Frank Garnett was a turn-of-the-century settler and ox team logger who had made a name for himself by felling some of the biggest timber on Vancouver Island, a place well known for its enormous trees. When gravity wasn’t available to carry trees to the water, oxen and, later, horses were the alternative. After a tree had been bucked up (sawn) into lengths, the log ends would be “sniped”—tapered with an axe so they would slide more easily across the rough ground; they were then linked together with heavy hooks and chain. Often the train of logs would be taken out over “corduroy” roads, also known as skid roads, made of smaller logs laid crosswise across the path (the latter is the origin of “skid row”). To ease their passage, the causeway would be lubricated with water, crude oil, whale oil, or even dogfish oil, which was rendered from a kind of shark once plentiful along the coast. Once the logs were in line, the ox team, consisting of perhaps a dozen animals, would be harnessed to the lead log; in order to keep from slipping on the oiled roadway, oxen and horses would be shod like their human counterparts: with spiked shoes. When all was ready, the bull whacker, using that astonishing combination of tender endearment and paint-peeling invective unique to drivers of animals and machines, would cajole his team into motion.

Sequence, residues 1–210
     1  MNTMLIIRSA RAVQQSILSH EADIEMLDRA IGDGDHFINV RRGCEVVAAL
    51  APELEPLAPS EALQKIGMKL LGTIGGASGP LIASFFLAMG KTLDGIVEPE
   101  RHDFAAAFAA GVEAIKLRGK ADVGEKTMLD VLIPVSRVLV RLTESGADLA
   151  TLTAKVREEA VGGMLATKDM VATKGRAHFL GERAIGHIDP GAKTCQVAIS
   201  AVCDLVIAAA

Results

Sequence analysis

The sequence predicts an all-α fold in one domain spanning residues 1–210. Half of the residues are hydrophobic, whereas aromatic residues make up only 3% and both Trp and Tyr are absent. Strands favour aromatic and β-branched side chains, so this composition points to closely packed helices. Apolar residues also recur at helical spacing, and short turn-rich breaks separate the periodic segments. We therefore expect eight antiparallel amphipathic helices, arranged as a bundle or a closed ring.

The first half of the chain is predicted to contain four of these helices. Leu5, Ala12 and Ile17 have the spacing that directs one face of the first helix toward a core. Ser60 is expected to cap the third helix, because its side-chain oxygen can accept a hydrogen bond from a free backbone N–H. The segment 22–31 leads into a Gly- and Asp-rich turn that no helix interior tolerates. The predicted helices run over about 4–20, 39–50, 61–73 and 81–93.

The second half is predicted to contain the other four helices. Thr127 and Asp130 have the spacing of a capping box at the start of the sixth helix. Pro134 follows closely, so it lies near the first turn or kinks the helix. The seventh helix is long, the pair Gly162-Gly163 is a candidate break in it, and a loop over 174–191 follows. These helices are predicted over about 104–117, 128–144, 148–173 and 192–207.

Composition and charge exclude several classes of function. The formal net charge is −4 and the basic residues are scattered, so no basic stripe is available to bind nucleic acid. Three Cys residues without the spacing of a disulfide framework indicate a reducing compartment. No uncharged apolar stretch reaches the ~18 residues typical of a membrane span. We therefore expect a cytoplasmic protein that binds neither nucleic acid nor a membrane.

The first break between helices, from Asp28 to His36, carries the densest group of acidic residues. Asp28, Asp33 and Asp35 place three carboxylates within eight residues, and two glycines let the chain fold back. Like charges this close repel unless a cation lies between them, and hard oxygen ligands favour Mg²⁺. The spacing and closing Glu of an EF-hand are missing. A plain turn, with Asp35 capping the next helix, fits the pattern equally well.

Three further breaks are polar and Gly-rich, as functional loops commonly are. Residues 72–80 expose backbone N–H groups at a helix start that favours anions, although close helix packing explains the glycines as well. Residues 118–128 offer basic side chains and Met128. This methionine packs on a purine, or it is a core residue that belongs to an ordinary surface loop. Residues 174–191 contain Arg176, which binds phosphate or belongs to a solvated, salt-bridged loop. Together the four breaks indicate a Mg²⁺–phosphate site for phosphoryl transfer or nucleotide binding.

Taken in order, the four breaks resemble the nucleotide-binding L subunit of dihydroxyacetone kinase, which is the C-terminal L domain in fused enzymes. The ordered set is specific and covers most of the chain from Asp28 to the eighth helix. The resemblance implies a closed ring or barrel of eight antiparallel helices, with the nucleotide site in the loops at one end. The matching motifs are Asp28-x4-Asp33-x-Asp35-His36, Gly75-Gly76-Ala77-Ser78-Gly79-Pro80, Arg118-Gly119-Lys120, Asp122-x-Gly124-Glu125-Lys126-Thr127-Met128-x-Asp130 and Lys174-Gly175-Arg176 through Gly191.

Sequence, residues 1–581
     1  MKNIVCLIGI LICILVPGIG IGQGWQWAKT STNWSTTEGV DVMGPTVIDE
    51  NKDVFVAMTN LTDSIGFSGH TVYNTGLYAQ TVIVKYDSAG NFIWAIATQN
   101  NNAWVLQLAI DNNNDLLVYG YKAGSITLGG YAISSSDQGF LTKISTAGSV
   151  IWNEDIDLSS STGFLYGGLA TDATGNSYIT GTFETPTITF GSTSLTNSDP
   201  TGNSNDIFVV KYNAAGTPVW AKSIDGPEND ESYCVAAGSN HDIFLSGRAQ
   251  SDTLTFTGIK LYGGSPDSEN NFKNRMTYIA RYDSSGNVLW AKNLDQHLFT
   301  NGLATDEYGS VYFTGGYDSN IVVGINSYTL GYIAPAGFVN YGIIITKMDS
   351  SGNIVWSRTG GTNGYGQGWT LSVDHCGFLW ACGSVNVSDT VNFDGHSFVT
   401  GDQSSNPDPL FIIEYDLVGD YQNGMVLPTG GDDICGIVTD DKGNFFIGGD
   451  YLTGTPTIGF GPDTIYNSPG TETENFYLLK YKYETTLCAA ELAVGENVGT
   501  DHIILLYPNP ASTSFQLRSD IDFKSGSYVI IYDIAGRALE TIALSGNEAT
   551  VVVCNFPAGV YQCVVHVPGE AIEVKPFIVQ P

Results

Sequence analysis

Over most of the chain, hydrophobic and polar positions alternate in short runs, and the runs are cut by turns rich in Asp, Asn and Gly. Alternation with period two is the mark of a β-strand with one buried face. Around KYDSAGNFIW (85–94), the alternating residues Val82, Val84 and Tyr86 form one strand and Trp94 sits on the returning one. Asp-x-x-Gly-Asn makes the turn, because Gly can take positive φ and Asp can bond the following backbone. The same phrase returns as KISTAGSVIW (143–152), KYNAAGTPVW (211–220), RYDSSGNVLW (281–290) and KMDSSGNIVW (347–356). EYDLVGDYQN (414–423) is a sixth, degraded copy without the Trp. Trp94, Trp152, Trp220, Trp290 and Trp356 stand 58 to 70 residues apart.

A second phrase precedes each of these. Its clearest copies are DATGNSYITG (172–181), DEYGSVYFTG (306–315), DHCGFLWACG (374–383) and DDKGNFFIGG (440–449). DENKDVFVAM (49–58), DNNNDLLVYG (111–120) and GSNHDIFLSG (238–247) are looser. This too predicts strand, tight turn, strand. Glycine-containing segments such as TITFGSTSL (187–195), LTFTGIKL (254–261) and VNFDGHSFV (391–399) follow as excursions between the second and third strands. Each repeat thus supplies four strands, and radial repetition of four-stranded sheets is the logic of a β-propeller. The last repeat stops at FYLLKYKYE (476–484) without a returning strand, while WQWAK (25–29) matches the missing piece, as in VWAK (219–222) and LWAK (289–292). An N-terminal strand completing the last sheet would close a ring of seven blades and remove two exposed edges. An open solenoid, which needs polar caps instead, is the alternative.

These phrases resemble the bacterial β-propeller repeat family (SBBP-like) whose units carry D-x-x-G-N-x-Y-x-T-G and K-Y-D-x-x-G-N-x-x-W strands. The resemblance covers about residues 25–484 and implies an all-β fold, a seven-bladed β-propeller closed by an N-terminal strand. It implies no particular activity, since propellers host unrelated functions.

Garnett was driving his heavily laden ox team out of a stand he’d been working in Maple Bay when one of the logs shifted, pinning him between another similarly massive log. The log rolled in such a way that neither man nor beast could move it, leaving Garnett trapped but very much alive. His mother happened to be on hand, and while attempting to comfort him, she found herself in a bind nearly as hideous as her son’s. Garnett—in agony and knowing he was doomed—begged his mother repeatedly to put him out of his misery with a nearby sledgehammer. Unable to kill her own child, even in an act of mercy, she endured his pleas for two hours until he finally bled to death.